COLUMBUS, Ohio -- It was shortly after 5 a.m. Wednesday as Reuben Bailey drove through Clintonville, tossing newspapers from his pickup truck to subscribers along N. High Street.
He had just finished delivering The Dispatch to Columbus Fire Station 19 at Northmoor Place when the still morning exploded into gunfire and sirens.
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Bailey watched as an SUV careened into the fire station's parking lot, followed by police.
Two officers got out of their cruiser, yelling at the occupants of the SUV and moving toward the firehouse before opening fire, Bailey recalled later from his South Linden home. More cruisers pulled into the firehouse; more officers fired.
"Those cops were so brave -- I gotta give it to them," Bailey said. "They were going in shooting; didn't use their cars for cover or anything like you see in the movies."
Bailey said he ducked into his pickup until the gunfire stopped. All told, Bailey said, he heard what seemed like 100 bangs.
"There were so many shots. I knew, whoever it was, they're gone," Bailey said. "It was more than crazy."
When it was over, a man and a woman were dead, two officers were left with minor wounds and shell casings littered a four-block crime scene along N. High in Clintonville.
"This is a fine example of hours of boredom and seconds of terror" for patrol officers, said Sgt. Rich Weiner, a spokesman for the Columbus Division of Police.
Killed in the shooting were Emmanuel Gatewood, 24, and Kourtney Hahn, 21, Columbus police said.
Gatewood, of Brentnell Avenue, had a history of gun-related crimes and spent nearly two years in prison starting in 2009 on charges of possession of drugs, carrying a concealed weapon and robbery.
Hahn, who reportedly dated Gatewood and lived on Karl Road, had no criminal record in Franklin County.
In the end, seven officers had fired their weapons, and 11 others had witnessed the shootout, as did several firefighters at the fire station.
The two officers who narrowly escaped bullets fired into their cruiser were injured by shattered glass. Police hadn't released their names as of late last night. They drove themselves to Riverside Methodist Hospital, where they were treated yesterday morning and released.
It all started because homicide detectives wanted to talk to Gatewood about the shooting death of Lance Glenn, 29, who was killed outside an after-hours bar at 952 E. Hudson St. on April 5.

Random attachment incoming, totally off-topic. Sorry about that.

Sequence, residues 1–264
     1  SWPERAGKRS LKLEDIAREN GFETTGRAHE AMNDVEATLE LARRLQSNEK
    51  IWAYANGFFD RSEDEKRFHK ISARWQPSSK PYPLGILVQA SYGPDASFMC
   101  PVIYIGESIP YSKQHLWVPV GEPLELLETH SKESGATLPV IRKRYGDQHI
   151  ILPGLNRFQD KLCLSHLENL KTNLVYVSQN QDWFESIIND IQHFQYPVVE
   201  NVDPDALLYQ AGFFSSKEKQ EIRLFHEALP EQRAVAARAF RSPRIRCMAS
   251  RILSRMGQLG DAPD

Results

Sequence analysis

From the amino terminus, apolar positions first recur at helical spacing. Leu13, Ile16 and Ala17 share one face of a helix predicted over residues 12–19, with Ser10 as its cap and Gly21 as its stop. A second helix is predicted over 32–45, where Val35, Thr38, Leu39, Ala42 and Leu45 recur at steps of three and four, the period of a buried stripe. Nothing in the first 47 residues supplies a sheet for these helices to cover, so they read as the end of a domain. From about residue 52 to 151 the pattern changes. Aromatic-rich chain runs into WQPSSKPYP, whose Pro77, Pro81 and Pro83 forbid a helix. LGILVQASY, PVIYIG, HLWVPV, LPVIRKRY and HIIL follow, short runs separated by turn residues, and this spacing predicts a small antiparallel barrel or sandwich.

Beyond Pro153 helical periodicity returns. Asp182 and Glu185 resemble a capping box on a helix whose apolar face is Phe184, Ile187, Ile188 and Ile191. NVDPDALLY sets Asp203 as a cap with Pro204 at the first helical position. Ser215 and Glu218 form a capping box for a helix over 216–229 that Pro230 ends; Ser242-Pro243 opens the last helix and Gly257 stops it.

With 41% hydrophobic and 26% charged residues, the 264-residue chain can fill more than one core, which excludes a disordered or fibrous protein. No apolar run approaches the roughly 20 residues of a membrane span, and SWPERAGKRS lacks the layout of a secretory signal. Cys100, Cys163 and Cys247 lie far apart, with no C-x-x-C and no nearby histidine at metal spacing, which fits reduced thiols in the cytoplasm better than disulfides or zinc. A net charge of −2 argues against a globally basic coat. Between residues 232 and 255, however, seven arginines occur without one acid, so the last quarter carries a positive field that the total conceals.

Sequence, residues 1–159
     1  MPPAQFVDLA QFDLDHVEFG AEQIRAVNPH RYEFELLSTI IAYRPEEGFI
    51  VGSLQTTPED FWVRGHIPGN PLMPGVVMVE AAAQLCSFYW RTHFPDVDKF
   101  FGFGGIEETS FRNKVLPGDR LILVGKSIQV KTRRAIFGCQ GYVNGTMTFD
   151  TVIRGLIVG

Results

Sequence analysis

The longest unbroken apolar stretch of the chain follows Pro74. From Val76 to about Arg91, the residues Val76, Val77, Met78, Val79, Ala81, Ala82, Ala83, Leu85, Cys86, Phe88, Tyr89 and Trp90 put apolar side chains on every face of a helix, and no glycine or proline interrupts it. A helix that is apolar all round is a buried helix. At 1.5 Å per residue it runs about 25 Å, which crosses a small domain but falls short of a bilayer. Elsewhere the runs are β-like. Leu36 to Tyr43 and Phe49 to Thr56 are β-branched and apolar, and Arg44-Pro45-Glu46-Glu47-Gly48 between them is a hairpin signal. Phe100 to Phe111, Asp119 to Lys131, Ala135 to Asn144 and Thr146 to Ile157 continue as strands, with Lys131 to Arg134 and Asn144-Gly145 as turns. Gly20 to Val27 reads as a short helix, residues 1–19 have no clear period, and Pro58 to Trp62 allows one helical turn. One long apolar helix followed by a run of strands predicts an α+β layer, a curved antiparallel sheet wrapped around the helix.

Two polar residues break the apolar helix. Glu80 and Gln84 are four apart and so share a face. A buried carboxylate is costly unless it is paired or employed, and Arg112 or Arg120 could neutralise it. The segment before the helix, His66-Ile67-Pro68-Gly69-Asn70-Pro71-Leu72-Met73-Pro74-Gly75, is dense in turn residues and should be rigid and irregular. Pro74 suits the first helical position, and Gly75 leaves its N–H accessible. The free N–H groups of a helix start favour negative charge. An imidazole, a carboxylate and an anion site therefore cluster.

According to Weiner and police dispatcher information, this is what happened:
Officers had been told to keep an eye out for Gatewood and the gold GMC SUV he was thought to be driving. Just after 5 a.m. yesterday, two patrol officers in the same cruiser spotted the SUV traveling on Foster Avenue, just south of Worthington.
Officers followed the SUV as it turned south onto N. High, and police ordered the driver to stop. But the SUV kept going. When it reached Brighton Road and Hennepin Avenue, someone inside the vehicle started firing a gun at officers. Several bullets pierced the windshield of the officers' cruiser, shattering the glass but not hitting anyone.
The SUV then sped north on N. High, with blown tires from spikes that had been put down by police and windows shattered by gunfire. It made it four blocks before plowing through bushes and into the parking lot of the fire station.
Both Gatewood and Hahn were shot multiple times and pronounced dead at the scene, with Gatewood's body outside the vehicle and Hahn's inside. Two guns were found in the SUV, including one with a high-capacity magazine.
Columbus police Chief Kimberley Jacobs went to the hospital immediately after the shooting to check on the two officers. She said the officers involved in the shootout reacted "very professionally. I can't be more proud of them. They're working in the middle of the night to protect us."
The gunfight could be heard from at least a mile away, but those closer to the shooting awoke to houses grazed and, in some cases, pierced by bullets.
Katherine Sites' home at 66 Northmoor Place became a crime scene, along with the rest of her neighborhood, when she found a bullet hole in her side door. The bullet had ricocheted off the inside door handle and landed somewhere in the basement. A police officer said he would be back to collect it.
"You never think something like this is going to happen so close to home," she said, "or to your home."
The shooting came during National Police Week and a day before Columbus' own annual vigil to remember officers who have died in the line of duty.
"This was a very dangerous situation," Weiner said. "We're lucky the officers weren't killed."
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